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London must become a ‘global green city’

Expanding the electric bus network and the creation of a London energy company are are just two of the recommendations in a report by think-tank IPPR

Electric buses and local energy recommended
Electric buses and local energy recommended

London faces huge environmental challenges and tackling them should be one of the next mayor’s top priorities, says a new report by the Institute of Public Policy & Research (IPPR).

The next mayor should integrate the environment into all policy areas to make London a ‘global green city’. In addition, the report, entitled London: Global Green City, finds that around 10 per cent of households in London are classified as fuel poor and the capital has some of the most energy inefficient housing in Europe.


More than 215 hectares of green space was lost in London between 2009 and 2012, equivalent to Hyde Park and Battersea Park combined, and nearly 2 million Londoners live more than 1km from a green space. Air pollution in the capital is estimated to have shortened lives by 140,000 years in 2010, or the equivalent of more than 9,400 deaths.


Among the report’s recommendations are that the new mayor creates a new energy company, Energy for London, to reduce household fuel bills, tackle fuel poverty and cut emissions by boosting solar and other renewable energy and energy efficiency. Such a company could also support community energy enterprises, help businesses and households become more energy efficient and help London meet its climate change commitments by becoming a zero carbon city by 2050.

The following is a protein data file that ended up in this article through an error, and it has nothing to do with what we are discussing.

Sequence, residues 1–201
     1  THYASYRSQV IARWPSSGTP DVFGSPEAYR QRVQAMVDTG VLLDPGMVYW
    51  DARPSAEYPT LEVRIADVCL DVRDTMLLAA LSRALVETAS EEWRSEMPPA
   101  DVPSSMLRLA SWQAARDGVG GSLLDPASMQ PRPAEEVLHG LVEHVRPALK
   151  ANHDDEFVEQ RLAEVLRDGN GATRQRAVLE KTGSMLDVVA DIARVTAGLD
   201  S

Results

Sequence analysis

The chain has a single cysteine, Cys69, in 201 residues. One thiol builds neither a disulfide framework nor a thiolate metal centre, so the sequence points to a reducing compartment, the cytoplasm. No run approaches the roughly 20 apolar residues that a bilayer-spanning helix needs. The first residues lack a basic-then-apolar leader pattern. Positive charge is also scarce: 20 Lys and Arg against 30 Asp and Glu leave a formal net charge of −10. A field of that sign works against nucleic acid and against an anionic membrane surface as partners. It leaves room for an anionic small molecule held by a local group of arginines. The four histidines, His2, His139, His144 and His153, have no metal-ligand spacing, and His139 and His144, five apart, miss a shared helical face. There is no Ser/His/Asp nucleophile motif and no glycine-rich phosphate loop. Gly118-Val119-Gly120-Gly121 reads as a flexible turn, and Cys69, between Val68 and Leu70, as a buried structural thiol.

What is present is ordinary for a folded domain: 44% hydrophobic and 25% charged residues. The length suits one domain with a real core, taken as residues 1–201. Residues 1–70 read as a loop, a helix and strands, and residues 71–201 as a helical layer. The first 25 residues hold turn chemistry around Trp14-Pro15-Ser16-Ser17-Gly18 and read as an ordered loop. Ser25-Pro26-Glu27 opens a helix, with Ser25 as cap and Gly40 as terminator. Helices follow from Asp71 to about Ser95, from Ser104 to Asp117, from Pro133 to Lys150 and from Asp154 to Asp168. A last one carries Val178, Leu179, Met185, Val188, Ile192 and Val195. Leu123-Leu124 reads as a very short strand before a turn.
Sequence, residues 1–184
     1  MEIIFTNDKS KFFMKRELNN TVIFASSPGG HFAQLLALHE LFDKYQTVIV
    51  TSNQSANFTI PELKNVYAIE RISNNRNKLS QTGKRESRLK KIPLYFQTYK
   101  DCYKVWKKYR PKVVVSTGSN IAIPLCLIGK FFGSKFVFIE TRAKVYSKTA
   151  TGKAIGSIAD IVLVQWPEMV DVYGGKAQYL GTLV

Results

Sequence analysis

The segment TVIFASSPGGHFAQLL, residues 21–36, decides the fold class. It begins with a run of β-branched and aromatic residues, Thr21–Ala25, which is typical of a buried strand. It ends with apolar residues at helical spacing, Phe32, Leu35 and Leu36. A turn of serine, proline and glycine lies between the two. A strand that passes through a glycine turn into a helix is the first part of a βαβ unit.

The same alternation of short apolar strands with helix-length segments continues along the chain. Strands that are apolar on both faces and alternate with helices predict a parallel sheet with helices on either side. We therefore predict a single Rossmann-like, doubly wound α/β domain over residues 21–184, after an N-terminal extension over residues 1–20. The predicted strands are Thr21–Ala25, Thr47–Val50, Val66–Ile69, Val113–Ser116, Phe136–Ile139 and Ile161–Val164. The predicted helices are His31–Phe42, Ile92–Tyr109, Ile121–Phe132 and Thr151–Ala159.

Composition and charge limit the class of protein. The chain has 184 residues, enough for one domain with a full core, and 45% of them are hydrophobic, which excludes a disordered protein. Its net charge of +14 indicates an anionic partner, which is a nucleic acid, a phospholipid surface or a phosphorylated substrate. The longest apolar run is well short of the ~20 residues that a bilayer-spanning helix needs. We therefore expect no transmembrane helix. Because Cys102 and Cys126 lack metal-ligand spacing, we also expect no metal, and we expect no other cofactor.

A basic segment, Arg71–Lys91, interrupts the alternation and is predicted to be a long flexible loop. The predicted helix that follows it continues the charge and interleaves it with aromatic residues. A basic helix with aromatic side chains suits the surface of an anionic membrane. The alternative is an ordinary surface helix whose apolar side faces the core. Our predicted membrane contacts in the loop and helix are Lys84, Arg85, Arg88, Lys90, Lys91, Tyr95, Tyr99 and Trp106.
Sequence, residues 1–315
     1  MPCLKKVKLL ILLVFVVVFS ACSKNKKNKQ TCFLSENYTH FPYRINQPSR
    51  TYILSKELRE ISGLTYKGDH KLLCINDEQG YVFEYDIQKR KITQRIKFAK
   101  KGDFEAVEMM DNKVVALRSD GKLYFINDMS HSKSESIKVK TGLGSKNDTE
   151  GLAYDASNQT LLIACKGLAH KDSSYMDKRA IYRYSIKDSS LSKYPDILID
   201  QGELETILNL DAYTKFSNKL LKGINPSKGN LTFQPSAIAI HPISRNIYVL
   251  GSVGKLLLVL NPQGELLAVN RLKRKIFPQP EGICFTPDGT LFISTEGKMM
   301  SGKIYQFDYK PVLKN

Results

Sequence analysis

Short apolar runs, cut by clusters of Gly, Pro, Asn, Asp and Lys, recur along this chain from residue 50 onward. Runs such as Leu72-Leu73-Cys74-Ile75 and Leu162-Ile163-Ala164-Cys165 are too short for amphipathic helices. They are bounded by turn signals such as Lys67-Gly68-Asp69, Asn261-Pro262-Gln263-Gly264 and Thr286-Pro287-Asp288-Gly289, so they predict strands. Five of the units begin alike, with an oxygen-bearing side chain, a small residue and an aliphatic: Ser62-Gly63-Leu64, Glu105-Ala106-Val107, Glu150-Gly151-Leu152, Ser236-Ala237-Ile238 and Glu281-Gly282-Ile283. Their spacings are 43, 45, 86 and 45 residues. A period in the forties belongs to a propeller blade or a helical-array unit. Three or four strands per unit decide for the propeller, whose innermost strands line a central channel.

IPPR also proposes creating a clean air zone by merging the current congestion charging and ultra-low emissions zones, ensuring the bus fleet meets air pollution standards by 2019 and expanding the electric vehicle charging network. The report notes that London’s air pollution impacts disproportionally on lower income groups and children. Nearly 25 per cent of school children are exposed to levels of air pollution that break EU and World Health Organisation legal and health limits. The problem is likely to get worse because, by 2030, London’s traffic is estimated to increase by 43 per cent on 2013 levels.


Designating the capital as a National Park City to promote the protection and enhancement of nature and green space is also in the IPPR’s recommendations. This would provide the overall framework to increase biodiversity and boost green space and it suggests the new mayor appoints a Green Infrastructure Commissioner to ensure the priority of green space in planning and housing plans.


“London needs to think of itself as a global green city, a place where all Londoners can enjoy green space with all the health and wellbeing benefits that flow from this,” says Laurie Laybourn-Langton, IPPR research fellow. “Our vision of the capital is one with a worldwide reputation as a city where the environment enhances quality of life for all.”

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